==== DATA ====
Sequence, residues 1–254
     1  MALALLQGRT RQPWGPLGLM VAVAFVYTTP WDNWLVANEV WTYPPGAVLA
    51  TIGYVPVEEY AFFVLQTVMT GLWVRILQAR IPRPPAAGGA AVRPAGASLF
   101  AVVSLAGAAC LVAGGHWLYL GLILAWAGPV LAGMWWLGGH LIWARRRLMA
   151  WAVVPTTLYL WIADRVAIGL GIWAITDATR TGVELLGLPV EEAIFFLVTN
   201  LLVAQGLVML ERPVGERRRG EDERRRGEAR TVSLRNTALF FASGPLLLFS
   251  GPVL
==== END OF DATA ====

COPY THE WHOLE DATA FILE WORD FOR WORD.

Sequence, residues 1–254
     1  MALALLQGRT RQPWGPLGLM VAVAFVYTTP WDNWLVANEV WTYPPGAVLA
    51  TIGYVPVEEY AFFVLQTVMT GLWVRILQAR IPRPPAAGGA AVRPAGASLF
   101  AVVSLAGAAC LVAGGHWLYL GLILAWAGPV LAGMWWLGGH LIWARRRLMA
   151  WAVVPTTLYL WIADRVAIGL GIWAITDATR TGVELLGLPV EEAIFFLVTN
   201  LLVAQGLVML ERPVGERRRG EDERRRGEAR TVSLRNTALF FASGPLLLFS
   251  GPVL